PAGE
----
The Seamus Heaney Centre for Poetry at Queen’s University has announced the appointment of Jo Baker, Doireann Ní Ghríofa, and Peter Wilson, who performs as Duke Special, as the first Seamus Heaney Centre Fellows.
The Fellowships will enable three writers annually to contribute to the activities of the Seamus Heaney Centre for Poetry within the University and the wider literary community.
Jo Baker, who is the author of six novels, most recently A Country Road, A Tree, said the Fellowship represents a kind of homecoming: “I’m a former student of Queen’s, and my time there, within the English Department, and as a member of the Writers’ Group, was absolutely transformative for me.
“The Seamus Heaney Centre was established towards the end of my time at the University. I remember the fresh clean paint and the deliberately-red-wine-coloured carpet, and the sense that here was what was needed: space - whole rooms, a whole building - in which writers could work and learn, and be part of a creative community. Life took me elsewhere, but it was wonderful place to start from, and I’m delighted that they're prepared to have me back.”
Doireann Ní Ghríofa, who writes in Irish and English and won the 2016 Rooney Prize for Irish Literature, added she was excited at the prospect of spending time in Belfast: “I've been following the literary vibrancy of the city from afar for some time. I'm immensely grateful to be offered this opportunity. I am very much looking forward to working in tandem with the Seamus Heaney Centre for Poetry at Queen's University to devise and deliver a series of events.”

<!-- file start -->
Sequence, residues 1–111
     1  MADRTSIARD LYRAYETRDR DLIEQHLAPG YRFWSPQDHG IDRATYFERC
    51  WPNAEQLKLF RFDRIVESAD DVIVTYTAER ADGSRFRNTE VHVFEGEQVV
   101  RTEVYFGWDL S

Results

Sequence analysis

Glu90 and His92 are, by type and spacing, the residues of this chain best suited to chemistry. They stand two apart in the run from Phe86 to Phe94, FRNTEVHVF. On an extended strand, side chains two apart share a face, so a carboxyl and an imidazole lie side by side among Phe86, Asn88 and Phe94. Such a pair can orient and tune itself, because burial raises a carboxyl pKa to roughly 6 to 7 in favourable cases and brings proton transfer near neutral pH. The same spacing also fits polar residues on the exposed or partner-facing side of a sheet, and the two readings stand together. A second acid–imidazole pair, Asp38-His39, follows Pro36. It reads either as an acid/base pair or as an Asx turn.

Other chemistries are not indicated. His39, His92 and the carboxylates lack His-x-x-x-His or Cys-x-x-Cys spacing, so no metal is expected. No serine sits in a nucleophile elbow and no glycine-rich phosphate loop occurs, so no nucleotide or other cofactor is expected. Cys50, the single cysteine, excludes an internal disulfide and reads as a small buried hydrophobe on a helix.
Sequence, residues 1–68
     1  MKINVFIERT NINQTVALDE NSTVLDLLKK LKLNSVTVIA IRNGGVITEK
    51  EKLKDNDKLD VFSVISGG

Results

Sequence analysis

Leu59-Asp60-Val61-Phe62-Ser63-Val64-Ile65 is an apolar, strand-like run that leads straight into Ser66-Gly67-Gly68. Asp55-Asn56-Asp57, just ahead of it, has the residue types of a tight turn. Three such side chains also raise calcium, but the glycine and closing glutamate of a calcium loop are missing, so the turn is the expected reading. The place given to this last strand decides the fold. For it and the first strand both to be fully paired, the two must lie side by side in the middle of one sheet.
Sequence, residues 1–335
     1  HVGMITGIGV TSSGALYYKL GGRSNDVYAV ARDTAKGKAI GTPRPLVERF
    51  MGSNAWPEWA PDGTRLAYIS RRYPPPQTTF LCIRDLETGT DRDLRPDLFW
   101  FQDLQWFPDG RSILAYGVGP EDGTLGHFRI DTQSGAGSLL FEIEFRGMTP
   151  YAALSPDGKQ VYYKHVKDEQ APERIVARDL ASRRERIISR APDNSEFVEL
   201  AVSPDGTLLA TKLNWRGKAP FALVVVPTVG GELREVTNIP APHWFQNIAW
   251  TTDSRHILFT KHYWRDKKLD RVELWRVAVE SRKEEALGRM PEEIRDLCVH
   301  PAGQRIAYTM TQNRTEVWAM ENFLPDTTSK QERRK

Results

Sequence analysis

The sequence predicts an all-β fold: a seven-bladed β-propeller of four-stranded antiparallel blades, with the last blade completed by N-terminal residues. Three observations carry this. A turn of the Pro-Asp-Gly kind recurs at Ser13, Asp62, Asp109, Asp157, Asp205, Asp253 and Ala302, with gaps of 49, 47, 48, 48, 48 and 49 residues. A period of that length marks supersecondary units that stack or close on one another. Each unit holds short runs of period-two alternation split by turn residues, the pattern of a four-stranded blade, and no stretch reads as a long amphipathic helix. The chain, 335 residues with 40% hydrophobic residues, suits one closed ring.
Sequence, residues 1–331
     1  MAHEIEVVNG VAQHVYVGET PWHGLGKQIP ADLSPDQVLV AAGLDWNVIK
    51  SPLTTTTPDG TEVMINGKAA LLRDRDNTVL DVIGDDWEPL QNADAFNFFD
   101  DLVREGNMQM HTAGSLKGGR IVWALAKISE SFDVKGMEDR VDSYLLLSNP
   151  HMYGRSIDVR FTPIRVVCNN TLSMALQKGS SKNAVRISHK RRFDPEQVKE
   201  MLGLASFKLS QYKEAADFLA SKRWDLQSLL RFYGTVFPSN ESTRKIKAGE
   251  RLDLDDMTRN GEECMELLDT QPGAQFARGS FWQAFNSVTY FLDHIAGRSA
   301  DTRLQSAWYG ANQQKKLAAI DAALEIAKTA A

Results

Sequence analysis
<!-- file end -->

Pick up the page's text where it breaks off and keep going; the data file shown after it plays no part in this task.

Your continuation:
Duke Special’s latest release on CD and vinyl – Hallow – is based on the poetry of Michael Longley. Speaking about the appointment Peter Wilson, commented: “I am delighted and honoured to have been offered a Fellowship at the Seamus Heaney Centre. For the last decade, I have been exploring the places where art forms collide, between music, photography, theatre, fiction and poetry. I am excited to see what transpires as a result of this fellowship and my encounters with other creative people at the Seamus Heaney Centre.”
Welcoming the creation of the posts, Professor Glenn Patterson, Director of the Seamus Heaney Centre for Poetry at Queen’s, said: “These Fellowships represent a commitment by the Seamus Heaney Centre to the encouragement and celebration of writing in all its forms. And no better people to have as our first three Fellows than Jo, Doireann and Peter. We look forward very much to working with them in the months ahead.”
The new Fellows will officially take up their posts in the Seamus Heaney Centre for Poetry at Queen’s with immediate effect.
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